This Wednesday INSIDER Daily Digest has news on the Pentagon's acquisition system, a House hearing on defense spending and more.
Inside Defense recently interviewed Mark Lewis, formerly the acting deputy under secretary of defense for research and engineering, who now runs the new Emerging Technologies Institute at the National Defense Industrial Association:
The Defense Department needs to overhaul its acquisition system if it wants to outpace China in cutting-edge weapons development, according to a former Pentagon modernization official.
The House Armed Services Committee held a hearing this week on non-governmental views of the fiscal year 2022 defense budget:
The House Armed Services Committee heard from a panel of budget analysts today on President Biden's defense spending proposal, with Republicans again arguing for a boost in military spending to compete with China.
The Missile Defense Agency recently piggybacked on a long-planned Army developmental test to assess the Joint Track Management Capability, a new technology that is central to MDA's plan for a Guam Defense System:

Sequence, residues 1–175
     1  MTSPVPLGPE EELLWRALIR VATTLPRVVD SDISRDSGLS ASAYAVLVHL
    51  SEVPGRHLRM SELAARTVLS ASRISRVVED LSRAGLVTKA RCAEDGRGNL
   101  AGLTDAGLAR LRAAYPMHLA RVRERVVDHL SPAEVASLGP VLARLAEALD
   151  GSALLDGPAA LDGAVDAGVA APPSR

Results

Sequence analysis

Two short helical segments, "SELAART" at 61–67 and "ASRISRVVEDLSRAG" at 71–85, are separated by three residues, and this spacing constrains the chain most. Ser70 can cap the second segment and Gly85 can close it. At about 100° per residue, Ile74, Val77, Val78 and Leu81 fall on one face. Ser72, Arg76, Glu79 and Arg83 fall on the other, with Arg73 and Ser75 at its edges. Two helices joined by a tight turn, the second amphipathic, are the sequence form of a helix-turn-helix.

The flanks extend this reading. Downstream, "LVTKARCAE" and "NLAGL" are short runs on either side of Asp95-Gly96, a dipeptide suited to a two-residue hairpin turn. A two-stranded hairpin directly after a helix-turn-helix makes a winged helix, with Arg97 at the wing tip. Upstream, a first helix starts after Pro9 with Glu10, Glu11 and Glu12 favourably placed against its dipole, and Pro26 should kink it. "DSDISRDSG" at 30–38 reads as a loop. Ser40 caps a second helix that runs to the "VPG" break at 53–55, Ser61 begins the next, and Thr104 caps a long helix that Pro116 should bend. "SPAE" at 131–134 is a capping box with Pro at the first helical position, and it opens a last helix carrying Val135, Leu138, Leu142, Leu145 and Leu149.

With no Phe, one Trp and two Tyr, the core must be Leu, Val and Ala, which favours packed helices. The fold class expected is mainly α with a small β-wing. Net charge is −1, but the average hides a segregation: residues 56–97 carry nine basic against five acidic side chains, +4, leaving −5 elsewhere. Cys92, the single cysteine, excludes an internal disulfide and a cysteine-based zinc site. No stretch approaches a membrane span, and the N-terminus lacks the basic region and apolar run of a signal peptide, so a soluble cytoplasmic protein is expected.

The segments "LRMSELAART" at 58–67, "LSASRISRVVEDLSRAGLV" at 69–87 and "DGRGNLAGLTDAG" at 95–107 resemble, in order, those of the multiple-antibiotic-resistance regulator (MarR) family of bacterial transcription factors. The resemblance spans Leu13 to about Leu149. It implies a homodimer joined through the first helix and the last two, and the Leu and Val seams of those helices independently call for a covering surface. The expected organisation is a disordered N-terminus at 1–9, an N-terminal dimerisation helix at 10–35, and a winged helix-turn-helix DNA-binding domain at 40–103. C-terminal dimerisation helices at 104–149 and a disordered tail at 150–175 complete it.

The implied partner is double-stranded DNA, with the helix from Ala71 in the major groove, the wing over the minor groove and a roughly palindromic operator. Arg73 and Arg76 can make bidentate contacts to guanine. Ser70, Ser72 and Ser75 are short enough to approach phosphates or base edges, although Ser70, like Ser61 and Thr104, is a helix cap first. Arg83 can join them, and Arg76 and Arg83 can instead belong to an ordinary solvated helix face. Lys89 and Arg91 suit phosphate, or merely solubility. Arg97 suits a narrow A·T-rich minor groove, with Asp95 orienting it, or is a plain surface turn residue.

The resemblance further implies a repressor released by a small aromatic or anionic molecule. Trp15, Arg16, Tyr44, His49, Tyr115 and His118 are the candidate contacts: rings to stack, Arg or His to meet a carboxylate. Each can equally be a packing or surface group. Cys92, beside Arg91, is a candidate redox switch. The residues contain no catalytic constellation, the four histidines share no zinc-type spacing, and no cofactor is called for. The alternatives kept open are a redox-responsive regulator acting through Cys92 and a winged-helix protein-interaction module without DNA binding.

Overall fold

In what a senior military official called a "huge step toward joint interoperability," the Missile Defense Agency last week successfully demonstrated a new technology that could be key to a future 360-degree Guam missile defense capability, "bridging" Army and Navy air and missile defense systems along with Air Force fighter aircraft sensors to collaborate in defeating a cruise-missile target.
House Armed Services seapower and projection forces subcommittee Chairman Joe Courtney (D-CT) and Ranking Member Rob Wittman (R-VA) both recently spoke at the Navy League's Sea-Air-Space prequel:
Key seapower lawmakers want a more detailed long-term shipbuilding plan as they believe the Navy's most recent plan, the first released under the Biden administration, is too vague.
Inside Defense recently interviewed Bernard Theisen, robotics division chief at the Army's Ground Vehicle Systems Center:
The process for refueling the Army's cargo-hauling heavy trucks has virtually never changed.